Justicia (Judiciary)                                      Hacienda (Treasury)         Eclesiástico (Church government)
   government)                                           (Military)

   Governor (Chief          President of the          Captain-general               Supervisor Oficiales           Vice-patron of Archdiocese
  Executive Officer)          Audiencia                                              Reales (Treasury                    Regular Orders
                                                                                         Officers)                         Inquisition



                                                 (eg. Guadalajara, Santa Fe de Bogotá, Quito, La Plata, etc.)
                                                                        (function as)

 Executive Committees      Courts of Appeal              Audiencia                       Audiencia                     Suffragan Diocese
(President of Audiencia                                  Presidents
        = CEO)                                        (Often contested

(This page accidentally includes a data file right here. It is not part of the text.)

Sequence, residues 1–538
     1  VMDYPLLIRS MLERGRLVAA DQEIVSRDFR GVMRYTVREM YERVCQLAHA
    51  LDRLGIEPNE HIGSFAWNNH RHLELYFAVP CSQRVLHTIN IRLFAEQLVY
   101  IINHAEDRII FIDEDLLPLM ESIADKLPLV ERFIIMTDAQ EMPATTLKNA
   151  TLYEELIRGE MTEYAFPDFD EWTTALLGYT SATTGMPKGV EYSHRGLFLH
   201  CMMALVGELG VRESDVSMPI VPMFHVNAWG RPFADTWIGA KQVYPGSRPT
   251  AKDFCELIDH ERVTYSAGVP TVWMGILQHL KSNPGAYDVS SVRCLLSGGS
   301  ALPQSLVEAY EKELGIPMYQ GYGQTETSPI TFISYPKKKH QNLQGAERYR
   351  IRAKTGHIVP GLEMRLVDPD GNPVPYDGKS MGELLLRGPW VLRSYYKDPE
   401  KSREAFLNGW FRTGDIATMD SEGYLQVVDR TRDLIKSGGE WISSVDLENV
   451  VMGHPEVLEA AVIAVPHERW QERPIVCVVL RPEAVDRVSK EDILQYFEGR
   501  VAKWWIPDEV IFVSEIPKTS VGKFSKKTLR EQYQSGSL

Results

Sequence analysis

with Viceroy)



  Corregidores and         Corregidores and             Lieutenant                   Corregidores and                   Secular Parishes
  Alcaldes Mayores         Alcaldes Mayores          Captain-Generals                Alcaldes Mayores                   Regular Parishes
           Portuguese Brazil
• 1494 Treaty of Tordesillas divides entire
  (non-Christian) world between Spain and
• Portugal claims Brazil
• Little interest at first, but increases as other
  imperial powers take notice
• Exploited for sugarcane production
     Settler Colonies in North
• Spanish towns, forts, missions on east
  coast of North America, some on west
• Dislodged in 17th century by French,
  English, Dutch mariners
• Permanent colonies in North America
  – France: Nova Scotia (1604), Quebec (1608)
  – England: Jamestown (1607), Massachusetts
    Bay Colony (1620)
  – Netherlands: New Amsterdam (1623)
    • English take it in 1664, rename it New York
        Colonial Government
• Exceptionally difficult conditions
  – Starvation rampant, cannibalism occasionally

• French, English private merchants invest